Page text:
This is profoundly disruptive. How can this man be lacking – how can he be inferior in excellence or worth?  To say so is an oxymoron. For it not to be so, requires that that disciples and this man dismantle the prevailing paradigm of their day. This is what sends the man away grieving and sends the disciples into a tail spin.

        What is it that the man is lacking?  Did you notice that Jesus does not tell the man what it is that is lacking?  Is it humility? Could it be vulnerability? All Jesus says is go sell what you own and give the money to the poor.  Perhaps implying that it is through this action that he will discover what he has lacked.  Is it by getting rid of that which the young man thinks makes him worthy that he will discover his true worth in the eyes of God?

        For the teaching in this scripture for me this morning is that “what is lacking” may actually lie – right in the midst of that of which we are most proud. What is lacking may be hidden behind what we are celebrating as our biggest accomplishments and markers of worth.

        This makes me think about what is lacking in me?  What could be lacking in this gathered body of Christ?          What do we need to let go of? For our young man, I think, it was the pride of worthiness that he clung to as demonstrated by his wealth.  But let’s be clear it could anything. It a kind of pride disguised as  humility.  Or is could be a tendency to draw attention to how self sacrificing we are.  Or a need to be right above a need to be kind.  Or a host of other moves that we make.

        So I wonder as we enter Lent, what if our prayer could be for Jesus to help us to discover what is the one thing that we too are lacking.         Life of faith is about formation, it is growing and learning, we never arrive we are always on the way. Not just as individuals but as the gathered body of Christ, in this our life together as well.  Maybe our prayer could be show us how we too may discover the one thing that may impeding our ability to know the love of God that was made manifest in the Way of Jesus? 

        Now as a closing thought:  I find it noteworthy that all of the action of this story flows out of this young man’s desire to know.  But I wonder if what is behind his coming to Jesus is actually a deep desire to be known. To be seen and to be loved not for what he has accomplished but for who he truly is as a beloved child of God.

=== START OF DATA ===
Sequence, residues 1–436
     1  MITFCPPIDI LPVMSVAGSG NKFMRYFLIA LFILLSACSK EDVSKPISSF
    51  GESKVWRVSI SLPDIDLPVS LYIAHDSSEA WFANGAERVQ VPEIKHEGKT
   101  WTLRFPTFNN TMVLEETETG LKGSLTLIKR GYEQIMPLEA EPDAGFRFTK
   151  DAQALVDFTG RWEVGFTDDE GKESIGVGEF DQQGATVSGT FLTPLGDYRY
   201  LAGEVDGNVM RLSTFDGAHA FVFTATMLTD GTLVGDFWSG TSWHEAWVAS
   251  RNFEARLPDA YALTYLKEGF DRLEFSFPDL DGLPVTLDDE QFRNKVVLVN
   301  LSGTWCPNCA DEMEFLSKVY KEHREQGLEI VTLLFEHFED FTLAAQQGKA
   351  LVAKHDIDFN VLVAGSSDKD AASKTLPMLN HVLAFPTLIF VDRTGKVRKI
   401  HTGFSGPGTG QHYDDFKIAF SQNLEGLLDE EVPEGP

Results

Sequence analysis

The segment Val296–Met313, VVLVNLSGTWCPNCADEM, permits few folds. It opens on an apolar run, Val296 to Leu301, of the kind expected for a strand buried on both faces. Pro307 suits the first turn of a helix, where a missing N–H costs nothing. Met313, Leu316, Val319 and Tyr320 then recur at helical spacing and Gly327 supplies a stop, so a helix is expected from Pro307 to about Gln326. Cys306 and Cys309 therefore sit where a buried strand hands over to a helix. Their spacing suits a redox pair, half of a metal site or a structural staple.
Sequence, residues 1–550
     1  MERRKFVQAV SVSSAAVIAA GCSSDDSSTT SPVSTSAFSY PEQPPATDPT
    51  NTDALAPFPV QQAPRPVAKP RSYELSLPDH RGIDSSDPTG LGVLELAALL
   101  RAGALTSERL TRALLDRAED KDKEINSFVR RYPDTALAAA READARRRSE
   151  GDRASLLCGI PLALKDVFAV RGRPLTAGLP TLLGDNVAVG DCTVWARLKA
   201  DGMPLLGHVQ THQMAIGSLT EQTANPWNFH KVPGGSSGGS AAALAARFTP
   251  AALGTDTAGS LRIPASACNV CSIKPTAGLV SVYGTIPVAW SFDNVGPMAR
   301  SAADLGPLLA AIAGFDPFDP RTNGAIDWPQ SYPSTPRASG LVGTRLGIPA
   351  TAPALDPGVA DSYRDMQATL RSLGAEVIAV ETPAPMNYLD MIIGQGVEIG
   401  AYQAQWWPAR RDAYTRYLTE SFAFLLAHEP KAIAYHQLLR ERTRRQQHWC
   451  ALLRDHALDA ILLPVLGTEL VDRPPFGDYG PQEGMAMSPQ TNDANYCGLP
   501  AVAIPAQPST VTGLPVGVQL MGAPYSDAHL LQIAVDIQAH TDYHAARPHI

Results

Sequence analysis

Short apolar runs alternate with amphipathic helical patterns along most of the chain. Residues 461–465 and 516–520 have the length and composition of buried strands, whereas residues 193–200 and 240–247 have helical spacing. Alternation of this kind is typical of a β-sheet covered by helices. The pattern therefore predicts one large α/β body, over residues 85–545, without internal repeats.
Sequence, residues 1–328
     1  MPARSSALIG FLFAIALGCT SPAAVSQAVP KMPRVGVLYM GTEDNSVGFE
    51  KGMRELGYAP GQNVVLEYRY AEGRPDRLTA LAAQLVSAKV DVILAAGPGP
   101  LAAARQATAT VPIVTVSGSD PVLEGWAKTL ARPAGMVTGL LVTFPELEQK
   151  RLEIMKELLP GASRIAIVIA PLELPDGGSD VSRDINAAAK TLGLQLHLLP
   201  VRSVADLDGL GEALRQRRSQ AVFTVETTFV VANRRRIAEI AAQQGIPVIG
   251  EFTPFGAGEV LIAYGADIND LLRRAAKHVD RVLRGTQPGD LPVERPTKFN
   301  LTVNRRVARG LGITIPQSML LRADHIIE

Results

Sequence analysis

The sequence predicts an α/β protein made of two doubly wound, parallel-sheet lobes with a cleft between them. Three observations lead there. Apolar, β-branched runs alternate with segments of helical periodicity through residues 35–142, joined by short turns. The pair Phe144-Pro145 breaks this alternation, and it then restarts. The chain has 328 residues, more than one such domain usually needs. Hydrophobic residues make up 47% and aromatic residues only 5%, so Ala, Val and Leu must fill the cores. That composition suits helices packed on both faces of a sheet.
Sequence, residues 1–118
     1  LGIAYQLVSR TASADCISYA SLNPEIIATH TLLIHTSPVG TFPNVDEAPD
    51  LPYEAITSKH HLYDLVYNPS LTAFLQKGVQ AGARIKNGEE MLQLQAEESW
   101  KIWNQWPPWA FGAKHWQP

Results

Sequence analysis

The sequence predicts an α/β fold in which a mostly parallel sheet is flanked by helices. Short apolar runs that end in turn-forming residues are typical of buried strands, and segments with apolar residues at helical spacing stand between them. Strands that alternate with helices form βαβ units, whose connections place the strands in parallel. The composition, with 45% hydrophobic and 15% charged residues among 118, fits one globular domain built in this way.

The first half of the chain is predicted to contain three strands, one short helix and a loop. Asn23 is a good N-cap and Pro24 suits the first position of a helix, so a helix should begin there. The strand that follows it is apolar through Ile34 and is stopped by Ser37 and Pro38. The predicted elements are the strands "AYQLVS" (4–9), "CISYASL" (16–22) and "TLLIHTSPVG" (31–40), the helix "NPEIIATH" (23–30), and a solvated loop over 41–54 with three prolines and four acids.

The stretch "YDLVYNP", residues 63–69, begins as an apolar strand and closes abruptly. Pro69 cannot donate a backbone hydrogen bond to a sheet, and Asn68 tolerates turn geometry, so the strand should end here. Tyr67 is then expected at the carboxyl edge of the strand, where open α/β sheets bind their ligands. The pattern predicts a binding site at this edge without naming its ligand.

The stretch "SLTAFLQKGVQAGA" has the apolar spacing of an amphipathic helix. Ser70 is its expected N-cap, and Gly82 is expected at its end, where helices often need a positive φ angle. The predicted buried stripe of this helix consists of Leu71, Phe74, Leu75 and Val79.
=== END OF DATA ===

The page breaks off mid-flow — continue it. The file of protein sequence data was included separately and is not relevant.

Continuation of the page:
This reminds me of a quote by Trappist Monk, contemplative and mystic, Thomas Merton who said:

“If you want to [know] me, ask me not where I live, or what I like to eat, or how I comb my hair, but ask me what I am living for, in detail, and ask me what I think is keeping me from living fully for the thing I want to live for.

       And the good news of the passage lies in that the ma is in fact known.  He is fully known by Jesus.    In the midst of this exchange between Jesus and the young man, we are told that “Jesus “looking at him, loved him”.   Jesus saw him, he knew him and he loved him.  Jesus’ love was not contingent on if the man did as Jesus said.  Before the young man did or did not do anything, Jesus saw him and loved him. The salvation we seek is already is, before we have the courage to do anything that God may be asking of us. This is a deeply pastoral encounter.  It is an encounter marked by love not judgment.  This is grace.  God loves us fully, right now as we are, and yet, God loves us too much to let stay as we are for letting us stay as we are would for many of us mean missing out on the love that God has to share.    

        So in this Lenten season, let us too take the risky move that this young man was bold enough to take. He may not have been ready to relinquish that which possessed him (we may not be ready to do so either), but let us, like him, make the first move in doing so. Let us run to Jesus and put ourselves in the presence of love.  May this be our starting place as well. Thanks be to God.   Amen